By Dave Lund
Realtor®/Founding Partner at GetAnAgent.com
A reinvigorated housing market means many first-time Buyers are again on the hunt for their first home purchase. Don’t let these common mistakes diminish your dreams of home ownership.
1. Agent Opt Out
With internet searching so readily accessible today, buyers entering the market sometimes overlook the fundamental necessity of engaging a good Realtor® to act on their behalf. Be sure to find a real estate agent that you feel a good rapport with and who acts on your behalf in a timely way. Presenting offers and negotiating sales and closings can be a tricky business, and your realty objectives have a lot better chance of succeeding with the guidance and representation of a skilled Realtor®.
2. House over ‘Hood
Too often, homebuyers succumb to the charms of a particular home, despite other issues that may be features of the neighborhood. The best house on the street is about as far from an ideal first-time home purchase as one can get. Sellers will do what they can to increase their home’s appeal. Choose your zip codes and areas carefully and don’t be taken in by unwise investments.
3. Not Checking Credit
Surprisingly few first-time buyers think to check their credit before venturing into the housing market. It’s always a good idea to know your credit rating. The sooner you check, the sooner you can begin to have any unwarranted blemishes removed before making an offer. Your Realtor® will suggest this necessary step if you haven’t already seen to it when you meet. For Buyers, credit scores can mean thousands of dollars in savings or in extra interest.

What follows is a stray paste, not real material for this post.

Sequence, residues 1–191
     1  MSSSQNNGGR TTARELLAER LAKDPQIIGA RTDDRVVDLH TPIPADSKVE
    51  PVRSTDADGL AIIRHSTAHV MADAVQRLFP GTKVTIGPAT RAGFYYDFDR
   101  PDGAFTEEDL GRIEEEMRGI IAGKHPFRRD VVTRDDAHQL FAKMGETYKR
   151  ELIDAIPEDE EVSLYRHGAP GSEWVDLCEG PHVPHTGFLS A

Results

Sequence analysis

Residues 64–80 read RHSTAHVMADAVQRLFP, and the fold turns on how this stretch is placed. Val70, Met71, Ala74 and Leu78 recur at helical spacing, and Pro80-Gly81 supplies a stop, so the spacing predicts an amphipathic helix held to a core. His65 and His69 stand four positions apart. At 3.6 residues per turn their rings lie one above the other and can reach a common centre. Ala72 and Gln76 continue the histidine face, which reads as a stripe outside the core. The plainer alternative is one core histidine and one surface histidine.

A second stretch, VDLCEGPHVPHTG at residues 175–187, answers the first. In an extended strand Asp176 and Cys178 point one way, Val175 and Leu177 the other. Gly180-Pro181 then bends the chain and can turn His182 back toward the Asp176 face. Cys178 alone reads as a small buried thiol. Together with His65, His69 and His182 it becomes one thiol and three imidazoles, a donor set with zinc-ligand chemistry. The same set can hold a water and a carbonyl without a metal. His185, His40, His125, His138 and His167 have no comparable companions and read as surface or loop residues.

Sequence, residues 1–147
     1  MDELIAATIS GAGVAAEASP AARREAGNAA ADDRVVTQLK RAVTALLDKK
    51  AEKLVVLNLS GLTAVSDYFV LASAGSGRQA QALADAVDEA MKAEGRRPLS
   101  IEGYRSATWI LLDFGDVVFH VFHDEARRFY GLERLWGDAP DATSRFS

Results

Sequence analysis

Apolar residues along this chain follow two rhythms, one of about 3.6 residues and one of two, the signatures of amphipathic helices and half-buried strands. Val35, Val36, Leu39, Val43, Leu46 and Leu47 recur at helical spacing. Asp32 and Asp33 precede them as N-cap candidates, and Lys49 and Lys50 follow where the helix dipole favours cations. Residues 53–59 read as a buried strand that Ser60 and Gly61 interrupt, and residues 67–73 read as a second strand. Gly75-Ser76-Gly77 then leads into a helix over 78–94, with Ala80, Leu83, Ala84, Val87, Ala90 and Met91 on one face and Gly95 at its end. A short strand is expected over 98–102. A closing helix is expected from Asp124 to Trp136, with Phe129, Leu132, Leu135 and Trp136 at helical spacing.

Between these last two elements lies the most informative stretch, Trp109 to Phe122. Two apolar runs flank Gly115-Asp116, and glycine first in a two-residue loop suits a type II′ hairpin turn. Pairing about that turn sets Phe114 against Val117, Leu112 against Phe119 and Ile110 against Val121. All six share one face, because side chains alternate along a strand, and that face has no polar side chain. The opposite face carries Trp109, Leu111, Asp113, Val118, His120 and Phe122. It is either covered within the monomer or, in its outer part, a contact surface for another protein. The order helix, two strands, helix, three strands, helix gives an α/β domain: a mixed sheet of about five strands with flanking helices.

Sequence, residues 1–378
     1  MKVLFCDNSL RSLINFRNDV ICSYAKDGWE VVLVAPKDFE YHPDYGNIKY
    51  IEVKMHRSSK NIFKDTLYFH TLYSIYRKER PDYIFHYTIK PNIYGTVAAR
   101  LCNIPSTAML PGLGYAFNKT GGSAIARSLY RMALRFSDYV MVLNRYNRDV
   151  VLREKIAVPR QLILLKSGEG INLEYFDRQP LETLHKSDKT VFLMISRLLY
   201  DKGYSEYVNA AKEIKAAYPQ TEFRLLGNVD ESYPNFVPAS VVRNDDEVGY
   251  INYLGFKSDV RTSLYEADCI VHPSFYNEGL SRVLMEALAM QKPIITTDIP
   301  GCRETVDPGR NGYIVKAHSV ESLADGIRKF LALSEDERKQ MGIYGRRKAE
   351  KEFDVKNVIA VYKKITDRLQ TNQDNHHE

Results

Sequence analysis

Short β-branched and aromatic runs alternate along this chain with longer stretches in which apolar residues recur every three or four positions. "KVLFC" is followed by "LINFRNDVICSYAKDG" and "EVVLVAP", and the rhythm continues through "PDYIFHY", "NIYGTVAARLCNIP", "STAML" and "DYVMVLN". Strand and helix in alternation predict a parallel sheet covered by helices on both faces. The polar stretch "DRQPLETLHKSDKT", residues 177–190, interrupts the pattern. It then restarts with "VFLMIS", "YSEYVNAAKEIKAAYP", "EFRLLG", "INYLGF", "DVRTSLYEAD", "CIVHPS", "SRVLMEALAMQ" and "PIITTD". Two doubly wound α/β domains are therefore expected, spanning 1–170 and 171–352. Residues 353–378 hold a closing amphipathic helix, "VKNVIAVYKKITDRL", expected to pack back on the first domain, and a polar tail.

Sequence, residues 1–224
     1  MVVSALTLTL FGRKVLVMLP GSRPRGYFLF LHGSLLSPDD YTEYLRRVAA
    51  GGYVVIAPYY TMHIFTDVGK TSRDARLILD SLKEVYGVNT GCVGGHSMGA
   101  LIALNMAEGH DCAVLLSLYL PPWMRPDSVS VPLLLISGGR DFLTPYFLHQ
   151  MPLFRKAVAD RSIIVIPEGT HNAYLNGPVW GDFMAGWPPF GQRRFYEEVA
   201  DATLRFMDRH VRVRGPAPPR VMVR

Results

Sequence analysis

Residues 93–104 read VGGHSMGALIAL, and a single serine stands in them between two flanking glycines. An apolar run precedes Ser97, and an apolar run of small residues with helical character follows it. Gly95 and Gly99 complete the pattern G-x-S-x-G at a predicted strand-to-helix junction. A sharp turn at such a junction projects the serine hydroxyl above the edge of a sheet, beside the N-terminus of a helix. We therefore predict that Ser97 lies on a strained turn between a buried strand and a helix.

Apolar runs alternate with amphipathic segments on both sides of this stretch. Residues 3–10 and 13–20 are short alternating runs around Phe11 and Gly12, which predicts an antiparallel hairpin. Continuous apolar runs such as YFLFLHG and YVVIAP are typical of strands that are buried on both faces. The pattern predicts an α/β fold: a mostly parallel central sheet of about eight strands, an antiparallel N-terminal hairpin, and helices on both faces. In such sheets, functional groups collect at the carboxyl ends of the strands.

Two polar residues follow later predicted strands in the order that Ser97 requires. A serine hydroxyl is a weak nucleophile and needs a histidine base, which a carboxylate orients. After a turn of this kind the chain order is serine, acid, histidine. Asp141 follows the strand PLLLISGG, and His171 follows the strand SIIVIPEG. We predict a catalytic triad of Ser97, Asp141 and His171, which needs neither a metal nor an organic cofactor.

4. Wrangling Your Price Range
Another common mistake first-time homebuyers often make is not being truly aware of the price range they can afford. Whether buying above or below their suitable price range, buyers do themselves a disservice and waste a lot of time looking at unsuitable properties. Real Estate Agents are trained to help you ascertain your best price range. Beware the Realtor® who ignores your affordability range when showing you homes. Once established, stick to your financial comfort zone.
5. Waiving Home Inspection
One of the worst mistakes new homebuyers make is to waive the Home Inspection in an effort to save money. “Deferred maintenance” may sound fairly innocuous, but it’s really a catchphrase for a lack of maintenance and, worse, long-term structural neglect. Think of your formal Home Inspection as your gateway to security when buying your first home. Inspectors will document damage and warning signs that may then save you thousands in future repair bills, or even give you sound reason to walk away from a particular house. Inspection results may also serve as leverage in negotiating seller repairs and/or a lower purchase price.
6. Conditional on Contingencies
It’s always best to include at least two formal conditions when making an offer to purchase. Generally, offers that are conditional on the results of a Home Inspection and on the Buyer’s ability to finance are the two most common contingencies found in real estate agreements. Overlooking the inclusion of conditions and contingencies in an purchase offer may obligate you to a home you don’t really want and put your initial deposit, or earnest money, at risk. It’s always best to err on the side of caution when making monumental purchases, but be careful to avoid unnecessary or redundant conditions that simply complicate the deal and may put Sellers off.